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I want to clone my old desktop IDE HDD, which contains legacy software that run on XP, and use old software on my new laptop. My laptop can accommodate SATA HDD only. Booting from USB port is not working on my laptop. What is the easiest way to accomplish this task?

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an alternative to cloning would be to virtualize your old system and run it inside your new laptop instead of booting separate systems, you can run them both together. Using Disk2vhd and VirtualBox – Logman Jul 25 '12 at 21:41
Agreed. Also, don't forget that there's a chance XP will decide it doesn't want to run on the new hardware anyway. – zebediah49 Jul 25 '12 at 21:45
+1 both for bringing up virtualisation and the possibility that XP might not even run on a modern laptop. It would also allows the new laptop to run a modern OS (Security patches for XP will end some day). – Hennes Jul 25 '12 at 22:00
The new systems come with 4k sector drives make sure to have the patch applied to xp to allow it to boot to a 4k sector drive. – Kendrick Jul 25 '12 at 22:11
Does any new drive actually expose that to the OS. I checked that about a year ago when the advanced format drives just got out and back then they just used 4K sectors, but presented virtual 512byte sectors to the OS. – Hennes Jul 25 '12 at 22:18

To do this:

  1. Make a backup first (mostly just in case)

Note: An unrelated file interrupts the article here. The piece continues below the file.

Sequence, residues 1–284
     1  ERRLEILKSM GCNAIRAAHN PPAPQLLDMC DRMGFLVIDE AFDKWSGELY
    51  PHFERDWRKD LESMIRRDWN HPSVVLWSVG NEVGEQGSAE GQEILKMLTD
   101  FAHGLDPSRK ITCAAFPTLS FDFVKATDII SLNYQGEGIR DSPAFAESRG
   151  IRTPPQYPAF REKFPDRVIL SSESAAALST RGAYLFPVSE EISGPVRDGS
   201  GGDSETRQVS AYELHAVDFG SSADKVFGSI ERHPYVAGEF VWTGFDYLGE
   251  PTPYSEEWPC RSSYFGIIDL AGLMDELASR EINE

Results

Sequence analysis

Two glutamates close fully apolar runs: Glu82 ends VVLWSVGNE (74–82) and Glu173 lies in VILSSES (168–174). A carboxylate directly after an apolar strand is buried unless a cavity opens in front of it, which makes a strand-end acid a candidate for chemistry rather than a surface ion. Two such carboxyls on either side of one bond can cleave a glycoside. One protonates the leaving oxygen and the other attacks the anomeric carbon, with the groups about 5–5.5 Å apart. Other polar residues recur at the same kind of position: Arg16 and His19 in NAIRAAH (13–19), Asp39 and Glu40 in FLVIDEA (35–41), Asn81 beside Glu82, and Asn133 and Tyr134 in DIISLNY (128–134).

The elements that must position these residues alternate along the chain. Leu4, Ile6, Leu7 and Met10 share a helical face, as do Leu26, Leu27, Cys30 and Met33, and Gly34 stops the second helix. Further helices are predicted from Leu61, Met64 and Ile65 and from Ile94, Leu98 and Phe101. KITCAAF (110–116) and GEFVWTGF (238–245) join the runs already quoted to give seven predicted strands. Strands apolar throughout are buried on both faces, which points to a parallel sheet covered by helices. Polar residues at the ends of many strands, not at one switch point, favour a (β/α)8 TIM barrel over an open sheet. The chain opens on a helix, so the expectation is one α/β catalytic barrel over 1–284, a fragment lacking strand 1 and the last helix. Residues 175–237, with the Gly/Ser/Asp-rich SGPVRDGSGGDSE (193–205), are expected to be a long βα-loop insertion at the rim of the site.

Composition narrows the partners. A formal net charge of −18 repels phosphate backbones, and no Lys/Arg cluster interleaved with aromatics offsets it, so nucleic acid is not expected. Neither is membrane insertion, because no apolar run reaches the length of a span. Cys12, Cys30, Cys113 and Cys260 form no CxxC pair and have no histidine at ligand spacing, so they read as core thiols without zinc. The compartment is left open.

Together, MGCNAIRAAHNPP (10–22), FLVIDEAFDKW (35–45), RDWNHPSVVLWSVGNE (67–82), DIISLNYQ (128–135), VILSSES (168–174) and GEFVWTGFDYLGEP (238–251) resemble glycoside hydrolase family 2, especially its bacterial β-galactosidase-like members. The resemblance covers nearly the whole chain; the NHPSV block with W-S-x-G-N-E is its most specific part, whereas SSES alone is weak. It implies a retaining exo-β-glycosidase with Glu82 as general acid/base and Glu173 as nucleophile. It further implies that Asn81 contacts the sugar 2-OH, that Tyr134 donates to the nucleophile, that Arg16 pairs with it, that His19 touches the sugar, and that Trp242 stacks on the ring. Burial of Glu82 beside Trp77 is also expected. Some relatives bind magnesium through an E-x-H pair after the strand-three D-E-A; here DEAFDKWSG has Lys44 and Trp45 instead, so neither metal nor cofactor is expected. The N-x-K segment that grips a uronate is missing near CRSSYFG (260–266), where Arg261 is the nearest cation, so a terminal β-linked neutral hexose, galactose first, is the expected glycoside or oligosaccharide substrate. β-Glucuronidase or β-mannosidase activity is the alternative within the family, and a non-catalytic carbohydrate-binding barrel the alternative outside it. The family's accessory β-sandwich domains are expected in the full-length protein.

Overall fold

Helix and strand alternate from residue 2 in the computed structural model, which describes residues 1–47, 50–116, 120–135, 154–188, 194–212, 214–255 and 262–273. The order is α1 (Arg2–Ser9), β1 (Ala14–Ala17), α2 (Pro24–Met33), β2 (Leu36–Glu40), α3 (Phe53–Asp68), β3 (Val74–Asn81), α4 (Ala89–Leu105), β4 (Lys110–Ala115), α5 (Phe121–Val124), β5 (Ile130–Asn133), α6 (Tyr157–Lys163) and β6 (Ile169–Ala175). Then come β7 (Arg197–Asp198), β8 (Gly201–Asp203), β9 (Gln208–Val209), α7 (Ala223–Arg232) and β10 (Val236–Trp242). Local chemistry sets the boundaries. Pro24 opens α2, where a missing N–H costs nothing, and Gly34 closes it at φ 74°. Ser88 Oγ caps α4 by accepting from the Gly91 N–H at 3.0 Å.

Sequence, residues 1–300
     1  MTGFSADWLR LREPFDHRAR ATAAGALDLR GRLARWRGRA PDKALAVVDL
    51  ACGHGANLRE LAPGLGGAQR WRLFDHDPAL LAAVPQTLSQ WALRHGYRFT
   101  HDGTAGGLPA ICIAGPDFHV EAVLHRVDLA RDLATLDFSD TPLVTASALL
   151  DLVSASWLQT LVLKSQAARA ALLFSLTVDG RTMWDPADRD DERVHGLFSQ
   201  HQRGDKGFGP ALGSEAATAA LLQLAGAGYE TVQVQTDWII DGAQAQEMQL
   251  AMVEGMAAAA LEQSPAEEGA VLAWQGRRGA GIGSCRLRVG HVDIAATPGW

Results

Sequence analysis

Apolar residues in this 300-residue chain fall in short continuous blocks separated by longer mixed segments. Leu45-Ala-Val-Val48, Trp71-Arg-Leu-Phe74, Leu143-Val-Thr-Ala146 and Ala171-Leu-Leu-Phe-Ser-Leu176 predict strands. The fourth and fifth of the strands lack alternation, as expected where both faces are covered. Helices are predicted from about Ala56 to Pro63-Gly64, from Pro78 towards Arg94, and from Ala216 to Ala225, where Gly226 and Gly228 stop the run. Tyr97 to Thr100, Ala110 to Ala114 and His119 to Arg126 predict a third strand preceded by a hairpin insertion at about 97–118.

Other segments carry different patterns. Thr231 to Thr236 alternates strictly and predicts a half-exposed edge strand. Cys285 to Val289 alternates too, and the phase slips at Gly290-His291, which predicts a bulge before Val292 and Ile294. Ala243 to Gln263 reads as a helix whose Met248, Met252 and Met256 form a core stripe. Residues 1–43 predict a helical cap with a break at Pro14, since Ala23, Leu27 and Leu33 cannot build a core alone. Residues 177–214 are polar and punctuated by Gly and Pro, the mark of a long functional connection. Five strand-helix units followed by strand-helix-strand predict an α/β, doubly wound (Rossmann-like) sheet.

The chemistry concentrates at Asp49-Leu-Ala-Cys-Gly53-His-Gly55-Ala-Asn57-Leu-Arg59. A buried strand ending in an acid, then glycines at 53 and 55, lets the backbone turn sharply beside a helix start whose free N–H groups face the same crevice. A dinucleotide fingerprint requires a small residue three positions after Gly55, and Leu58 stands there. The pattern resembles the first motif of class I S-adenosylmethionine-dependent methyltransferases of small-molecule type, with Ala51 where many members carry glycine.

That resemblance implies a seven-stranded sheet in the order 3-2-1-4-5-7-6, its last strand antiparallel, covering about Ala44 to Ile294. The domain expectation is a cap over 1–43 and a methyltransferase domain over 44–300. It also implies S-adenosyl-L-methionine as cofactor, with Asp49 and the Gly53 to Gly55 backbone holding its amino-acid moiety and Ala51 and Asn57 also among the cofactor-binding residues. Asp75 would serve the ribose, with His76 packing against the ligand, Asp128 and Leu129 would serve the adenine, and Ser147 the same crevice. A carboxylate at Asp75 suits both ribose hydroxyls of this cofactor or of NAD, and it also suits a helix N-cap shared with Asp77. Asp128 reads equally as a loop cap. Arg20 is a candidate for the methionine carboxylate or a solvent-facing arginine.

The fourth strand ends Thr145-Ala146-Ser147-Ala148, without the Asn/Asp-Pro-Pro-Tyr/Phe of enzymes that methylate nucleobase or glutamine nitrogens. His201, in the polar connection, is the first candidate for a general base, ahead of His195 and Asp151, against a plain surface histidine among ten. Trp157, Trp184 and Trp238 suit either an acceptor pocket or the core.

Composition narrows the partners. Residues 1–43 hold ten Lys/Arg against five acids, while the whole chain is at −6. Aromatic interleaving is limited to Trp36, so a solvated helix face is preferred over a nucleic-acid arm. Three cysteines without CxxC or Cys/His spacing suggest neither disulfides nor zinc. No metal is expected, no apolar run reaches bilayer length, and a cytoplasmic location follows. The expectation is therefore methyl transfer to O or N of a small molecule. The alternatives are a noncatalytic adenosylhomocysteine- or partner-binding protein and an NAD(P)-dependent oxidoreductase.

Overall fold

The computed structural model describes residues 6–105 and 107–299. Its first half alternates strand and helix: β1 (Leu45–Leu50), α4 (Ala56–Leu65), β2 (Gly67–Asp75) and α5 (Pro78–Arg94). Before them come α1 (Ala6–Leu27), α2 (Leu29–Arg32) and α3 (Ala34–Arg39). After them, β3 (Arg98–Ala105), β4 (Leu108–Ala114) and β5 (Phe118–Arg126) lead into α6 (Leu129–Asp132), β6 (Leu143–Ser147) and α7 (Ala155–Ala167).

2. Remove software which you will not use in the new laptop (examples: Special managers for wireless. Fingerprint login programs for a device on the old laptop but not on the new laptop,, ...)
  3. Optionally download drivers for the new laptop and put them in a folder on the IDE harddisk. (Do not install them yet, just download the installers).
  4. Use sysprep to remove all drivers from your current laptop and to shut it down (generalize option)
  5. Make a image of the IDE drive. (Using clonezilla, ghost, Acronis, or one of the similar programs)
  6. Set the new laptop to old fashioned (and slow) IDE mode. (You do this in the BIOS)
  7. Restore the image from that 4 on the new laptop
  8. Boot your new laptop and install any missing drivers.

This and similar questions seem to be asked quite a lot recently. Is there a canonical answer to this which I missed? I feel as if I am reinventing the wheel over and over. If there is none, should I try and start a verbose answer?

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I would also recomend adding drivers to the ide drive for the new system before step 4. not neccessarly installing them just having them on the disk already should be a big benefit. I have seen where it gets to be a real chore if for some reason the nic etc just dont work till you get new drivers for them. – Kendrick Jul 25 '12 at 22:07
Aye. For XP that can be quite useful. I will add it to the post. – Hennes Jul 25 '12 at 22:15

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